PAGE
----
Inside View of DOL Fiduciary Rule Arguments Before 5th Circuit

Oral arguments in the consolidated case against the DOL and its fiduciary rule reforms were heard Monday morning by the 5th Circuit Court of Appeals; ERISA attorney Erin Sweeney offers her take.

Lawyers for the Department of Labor (DOL) faced tough questions from one judge on the 5th U.S. Circuit Court of Appeals, which on Monday heard oral arguments in the consolidated lawsuit filed to block the DOL’s fiduciary rule expansion by investment and insurance trade groups, among others, including the U.S. Chamber of Commerce.

According to Erin Sweeney, previously a senior benefit law specialist at the DOL and currently a member in the Employee Benefits Policy practice of Miller & Chevalier, who attended the arguments and afterwards shared her analysis with PLANADVISER, the DOL had a tough day in court. In particular, one judge on the three-judge panel that has been assigned to the case seemed to have little sympathy for the basic strokes of the DOL’s arguments.

“Judge [Edith] Jones spent a very significant portion of the time of the hearing asking for more or less basic information about whether a sale of a product taken in itself could ever constitute investment advice,” Sweeney explained. Judge Jones did probably 95% of the questioning of the DOL attorneys, and she really took them to task. “It left those of us in the room wondering what the opinions of the other two judges might be. The other two judges were more or less silent.”

Sweeney noted that Judge Jones asked a number of questions about prohibited transaction exemptions that already existed prior to the ongoing fiduciary standard expansion—about how these exemptions speak of the difference between sales interactions and investment advice.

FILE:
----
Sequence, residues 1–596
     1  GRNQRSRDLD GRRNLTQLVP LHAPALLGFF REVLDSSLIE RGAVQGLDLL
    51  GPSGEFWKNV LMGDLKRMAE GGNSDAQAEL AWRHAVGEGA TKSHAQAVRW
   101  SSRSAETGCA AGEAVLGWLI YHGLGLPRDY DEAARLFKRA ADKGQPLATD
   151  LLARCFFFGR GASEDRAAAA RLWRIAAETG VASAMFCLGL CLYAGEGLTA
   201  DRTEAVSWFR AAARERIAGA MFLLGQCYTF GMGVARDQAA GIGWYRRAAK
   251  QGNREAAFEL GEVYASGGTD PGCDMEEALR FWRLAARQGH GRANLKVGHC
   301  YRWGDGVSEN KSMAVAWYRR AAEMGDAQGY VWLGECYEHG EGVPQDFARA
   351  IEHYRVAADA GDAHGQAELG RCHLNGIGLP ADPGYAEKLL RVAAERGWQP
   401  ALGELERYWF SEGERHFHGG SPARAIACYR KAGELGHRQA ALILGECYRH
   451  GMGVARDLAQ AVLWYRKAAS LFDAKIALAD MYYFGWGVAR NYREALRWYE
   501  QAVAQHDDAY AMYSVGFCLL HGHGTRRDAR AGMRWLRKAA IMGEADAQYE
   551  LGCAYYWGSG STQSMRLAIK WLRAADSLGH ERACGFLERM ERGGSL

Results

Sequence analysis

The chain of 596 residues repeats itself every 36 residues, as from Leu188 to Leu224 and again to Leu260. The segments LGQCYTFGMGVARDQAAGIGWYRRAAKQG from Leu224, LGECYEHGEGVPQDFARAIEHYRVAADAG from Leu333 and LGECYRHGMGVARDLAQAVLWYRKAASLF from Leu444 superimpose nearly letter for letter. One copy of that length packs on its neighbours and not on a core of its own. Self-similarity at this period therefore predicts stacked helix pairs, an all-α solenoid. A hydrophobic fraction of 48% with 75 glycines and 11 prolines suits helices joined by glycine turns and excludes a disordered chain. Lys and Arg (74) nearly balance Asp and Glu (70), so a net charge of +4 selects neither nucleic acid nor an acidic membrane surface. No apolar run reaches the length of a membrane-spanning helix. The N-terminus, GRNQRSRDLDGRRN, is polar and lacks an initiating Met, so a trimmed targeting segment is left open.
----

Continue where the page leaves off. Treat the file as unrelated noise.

“DOL frankly was caught flat-footed on many of her questions,” she added. “The judge kept going to sections in the Internal Revenue Code and kept pounding on idea that the department has not addressed this overlap in how some of its previous exemptions may impact advice under the new fiduciary rule. I view this as a red herring to some extent but, clearly, the judge is thinking about it … The end result is that the DOL did not get to talk about its broad authority granted by Congress because it was instead forced to address this very specific matter. It was almost off-topic questioning, from the DOL’s perspective.”

Sweeney said the Chamber of Commerce and other appellants had an easier time staying on message, successfully making their arguments that DOL should not have authority over individual retirement accounts, that a sale of a product cannot constitute fiduciary advice, that DOL is limiting their 1st Amendment rights, etc.  

“My take is that, by and large the Chamber and other appellants got to make their arguments, while the DOL was bogged down by the somewhat off-topic questioning from Judge Jones,” Sweeney said. “The DOL attempted to answer her question by pointing to Chevron deference, but the judge did not seem to see that connection.”

In the end, Sweeney said the hearing today does not give much indication about which way the 5th Circuit could come down. However she said she expects the decision to come down sooner rather than later, given that the court understands there are pressing deadlines coming in 2018 for providers to comply with the expanded fiduciary rule.